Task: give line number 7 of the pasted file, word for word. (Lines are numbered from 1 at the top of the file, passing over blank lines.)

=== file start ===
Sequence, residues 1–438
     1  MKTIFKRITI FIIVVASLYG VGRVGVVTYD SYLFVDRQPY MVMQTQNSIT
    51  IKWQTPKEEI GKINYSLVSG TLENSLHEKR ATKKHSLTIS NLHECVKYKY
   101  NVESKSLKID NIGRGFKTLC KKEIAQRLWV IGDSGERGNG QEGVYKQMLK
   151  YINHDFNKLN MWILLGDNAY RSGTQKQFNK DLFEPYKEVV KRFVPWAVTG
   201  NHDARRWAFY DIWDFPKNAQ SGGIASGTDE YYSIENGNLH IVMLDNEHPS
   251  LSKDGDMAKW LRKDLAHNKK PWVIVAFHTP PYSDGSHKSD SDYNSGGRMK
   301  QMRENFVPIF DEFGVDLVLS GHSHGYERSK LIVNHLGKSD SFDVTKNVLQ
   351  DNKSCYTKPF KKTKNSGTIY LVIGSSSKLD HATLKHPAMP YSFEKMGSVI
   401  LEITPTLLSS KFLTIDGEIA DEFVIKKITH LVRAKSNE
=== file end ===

   251  LSKDGDMAKW LRKDLAHNKK PWVIVAFHTP PYSDGSHKSD SDYNSGGRMK